Marine link
 
Articles - Ship Repair - History

Welding Technique Helps Navy Save Millions

When maintenance welding required cutting into the hull of a Navy submarine, John Bartly knew there had to be an easier way. Mr. Bartly supervises 15 welding engineers as a U.S. Navy employee on Mare Island in San Francisco Bay. A former president of the American Welding Society, he has decades of experience.

He and his engineers approached Hobart Lasers & Advanced Systems in May 1990 (formerly Martek) to create a multi-faceted program which would meet several welding challenges he faced in his assignment to repair Navy submarines and other seagoing vessels. To date, Hobart has evaluated equipment, developed accessories and conducted feasibility studies on a number of innovative processes for the Navy. Hobart's Application Development Centers provide an opportunity to test applications on state-of-the-art CW Nd: YAG lasers; Orbitig control systems; Viper tube-to-tube welding heads; HAWCS computer-controlled variable polarity plasma/gas tungsten arc systems; and other equipment. A challenge Mr. Bartly faced was the repair of deteriorated valve seats on the steam chest, which contains control valves to throttle the submarine's steam flow. Conventional welding processes in these applications are low yield and must be repaired several times. The low power density process required Mr. Bartly's welders to cut through the pressure hull of the sub, remove the item to be repaired, take it to the shop, preheat it, manually repair the item, post-weld heat it, machine it, return it to its original position, and repair the opened pressure hull. To cut down on this process, saving time and money, Hobart's engineers found that by using laser technology they could perform the repairs without having to remove the component, as the preheat and post heat are not required. "Because it has a 150-ft.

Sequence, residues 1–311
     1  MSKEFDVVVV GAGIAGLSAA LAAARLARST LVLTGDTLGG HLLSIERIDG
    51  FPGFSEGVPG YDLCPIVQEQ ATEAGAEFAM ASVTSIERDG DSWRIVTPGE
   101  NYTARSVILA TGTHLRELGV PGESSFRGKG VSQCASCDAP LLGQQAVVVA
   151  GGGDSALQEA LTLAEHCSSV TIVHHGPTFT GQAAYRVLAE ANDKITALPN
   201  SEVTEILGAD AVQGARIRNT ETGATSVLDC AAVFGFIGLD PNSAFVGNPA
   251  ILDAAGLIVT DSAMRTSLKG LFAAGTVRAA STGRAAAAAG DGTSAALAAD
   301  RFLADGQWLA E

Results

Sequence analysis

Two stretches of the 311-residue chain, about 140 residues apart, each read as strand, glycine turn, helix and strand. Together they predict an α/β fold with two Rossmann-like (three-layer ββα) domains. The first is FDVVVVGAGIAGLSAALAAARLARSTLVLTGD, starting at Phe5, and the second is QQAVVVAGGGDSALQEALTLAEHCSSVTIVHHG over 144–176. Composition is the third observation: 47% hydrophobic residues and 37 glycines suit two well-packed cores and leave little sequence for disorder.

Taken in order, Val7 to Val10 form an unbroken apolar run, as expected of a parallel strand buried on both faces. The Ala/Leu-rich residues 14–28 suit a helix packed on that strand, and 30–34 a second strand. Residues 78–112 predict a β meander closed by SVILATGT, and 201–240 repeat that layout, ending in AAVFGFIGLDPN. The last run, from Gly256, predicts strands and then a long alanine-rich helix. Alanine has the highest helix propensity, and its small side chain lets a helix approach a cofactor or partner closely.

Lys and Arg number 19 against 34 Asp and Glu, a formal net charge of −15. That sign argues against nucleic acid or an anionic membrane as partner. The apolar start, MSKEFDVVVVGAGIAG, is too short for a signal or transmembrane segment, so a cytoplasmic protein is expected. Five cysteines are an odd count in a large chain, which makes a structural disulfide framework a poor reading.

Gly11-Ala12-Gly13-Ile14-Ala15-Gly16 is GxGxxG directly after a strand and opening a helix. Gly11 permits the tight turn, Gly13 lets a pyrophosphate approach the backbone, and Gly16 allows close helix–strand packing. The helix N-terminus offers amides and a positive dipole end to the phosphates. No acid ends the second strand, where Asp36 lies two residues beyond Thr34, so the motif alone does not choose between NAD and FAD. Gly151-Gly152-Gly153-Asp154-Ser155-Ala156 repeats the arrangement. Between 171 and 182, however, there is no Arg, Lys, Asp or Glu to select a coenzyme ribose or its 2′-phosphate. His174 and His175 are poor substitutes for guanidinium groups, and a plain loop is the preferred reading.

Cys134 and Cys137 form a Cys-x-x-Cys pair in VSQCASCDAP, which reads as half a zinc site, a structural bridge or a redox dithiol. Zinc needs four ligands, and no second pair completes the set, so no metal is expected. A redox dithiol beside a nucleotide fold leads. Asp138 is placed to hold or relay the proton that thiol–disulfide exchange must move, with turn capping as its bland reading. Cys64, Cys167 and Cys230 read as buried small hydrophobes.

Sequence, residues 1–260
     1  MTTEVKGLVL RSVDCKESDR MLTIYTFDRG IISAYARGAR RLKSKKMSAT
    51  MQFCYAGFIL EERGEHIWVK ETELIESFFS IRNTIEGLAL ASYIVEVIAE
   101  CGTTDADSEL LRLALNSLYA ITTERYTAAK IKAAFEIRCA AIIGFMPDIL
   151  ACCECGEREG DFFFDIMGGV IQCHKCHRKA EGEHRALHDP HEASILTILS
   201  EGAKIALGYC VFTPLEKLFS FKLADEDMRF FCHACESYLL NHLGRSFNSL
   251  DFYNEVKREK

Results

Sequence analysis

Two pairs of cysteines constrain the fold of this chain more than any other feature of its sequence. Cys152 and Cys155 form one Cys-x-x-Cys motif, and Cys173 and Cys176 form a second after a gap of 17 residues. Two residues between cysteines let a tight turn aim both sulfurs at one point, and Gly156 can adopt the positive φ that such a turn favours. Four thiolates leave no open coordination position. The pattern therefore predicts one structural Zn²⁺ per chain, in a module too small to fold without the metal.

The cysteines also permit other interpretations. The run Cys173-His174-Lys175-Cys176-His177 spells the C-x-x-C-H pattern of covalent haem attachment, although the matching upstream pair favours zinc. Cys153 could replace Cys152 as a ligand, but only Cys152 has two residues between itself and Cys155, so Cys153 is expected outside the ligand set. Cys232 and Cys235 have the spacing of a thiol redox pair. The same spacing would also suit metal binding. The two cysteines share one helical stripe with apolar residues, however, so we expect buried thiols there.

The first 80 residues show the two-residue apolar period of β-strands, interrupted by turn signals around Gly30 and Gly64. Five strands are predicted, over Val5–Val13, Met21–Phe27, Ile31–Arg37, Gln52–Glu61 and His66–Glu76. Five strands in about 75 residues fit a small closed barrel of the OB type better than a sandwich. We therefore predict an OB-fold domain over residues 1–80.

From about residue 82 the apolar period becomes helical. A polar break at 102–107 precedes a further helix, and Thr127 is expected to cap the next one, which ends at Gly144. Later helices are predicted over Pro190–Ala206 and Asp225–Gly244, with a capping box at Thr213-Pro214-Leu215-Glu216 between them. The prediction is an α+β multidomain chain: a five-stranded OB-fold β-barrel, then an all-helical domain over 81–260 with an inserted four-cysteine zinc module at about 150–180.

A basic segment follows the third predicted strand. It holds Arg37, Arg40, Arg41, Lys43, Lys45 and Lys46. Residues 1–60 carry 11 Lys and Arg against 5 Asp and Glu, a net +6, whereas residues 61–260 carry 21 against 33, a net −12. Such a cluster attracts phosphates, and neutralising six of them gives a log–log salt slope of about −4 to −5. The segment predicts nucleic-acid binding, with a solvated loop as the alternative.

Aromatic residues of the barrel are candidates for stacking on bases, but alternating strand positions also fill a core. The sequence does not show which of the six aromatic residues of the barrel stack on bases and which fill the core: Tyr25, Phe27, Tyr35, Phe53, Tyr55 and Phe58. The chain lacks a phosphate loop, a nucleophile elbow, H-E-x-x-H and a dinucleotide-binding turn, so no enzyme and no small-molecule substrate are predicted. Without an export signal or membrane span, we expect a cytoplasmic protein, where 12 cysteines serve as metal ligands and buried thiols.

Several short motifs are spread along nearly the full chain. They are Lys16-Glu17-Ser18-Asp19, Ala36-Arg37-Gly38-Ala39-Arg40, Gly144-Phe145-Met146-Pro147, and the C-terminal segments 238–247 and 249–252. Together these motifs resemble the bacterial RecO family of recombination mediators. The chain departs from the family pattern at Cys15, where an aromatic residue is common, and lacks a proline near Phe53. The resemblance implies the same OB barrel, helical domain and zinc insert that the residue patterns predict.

(45.7-m) fiber optic delivery system, our 2,400-watt CW Nd:YAG laser welding head can be brought internal to the vessel and locally tooled with accessories, potentially saving millions of taxpayer dollars," said Tim Webber, a Hobart Laser Applications manager.

In repairing the steam chests, old material must be machined off and replaced to a precise finish, size and polish. Currently, Hobart is developing a system with a small articulated gantry robot, small enough to get in the operator's lap. Using rotary motion, the robot welds a hardface alloy place from a small mechanical bridge. A pendant-like controller is used by the operator at the welding site to set up parameters as necessary. The laser generating equipment sits outside the vessel.

For more information on Hobart Lasers & Advanced Systems Circle 103 on Reader Service Card




Ship Repair History

ABB Turbocharger Repairs VTR..4 Turbine Blades
ABB Turbocharger: Renewed Focus On Quality, Customer Service
ASRY Improves Performance In 1993
AWSC 1993 Annual Report
BethShip Sparrows Point Expands Orderbook
BethShip W i n s $ 3 4 Million Contract
BoatLIFE Offers Deck Protection Experience, Products To Cruise Ship Industry
Boxship Business Booming
Business Is Brisk
Companies In Southern Region Of U.S. Adjust Product, Market Focus To Remain Competitive
FRATELLI ORLANDO . . . . . . Resurgence of shipbuilding in Livorno
frinity Acquires Plotter Yard In Houston
Goltens Expands Capacity W i t h N e w Grinder
Impact of Propulsion Plant Choice On Maintenance
Keppel Cairncross Completes A Number Of Ship Repair Operations
Keppel Joint Venture Results In Australia Yard Opening
Kepphil Shipyard Delivers First Of Two Tankers
Lisnave Reports Upbeat Quarter; Discusses Future Plans
MAN B&W—Hamburg service center
New Underwater Welding Process Approved By LR
Norshipco Repairs Navy Swath Ahead Of Schedule
Portland's Ship Repair Business Strengthened With Cascade General Sale
SHIP REPAIR & CONVERSION: Review of 1994
Ship Structure Committee Publishes Reports On Fatigue Curves And Underwater Repair Procedures
SPD Technologies Rolls With The Changes, Targets Civilian Specialty Market
Sperry Marine
The Need To Rationalize Navy ship Maintenance Capacitu
Tracor Signs Agreement To Sell Division To SIMCO
Welding Technique Helps Navy Save Millions
Wheeler Becomes U.S. Agent For Romanian Yard
 
rss feeds | archive | privacy | history | articles | contributors | top news | contact us | about us | copyright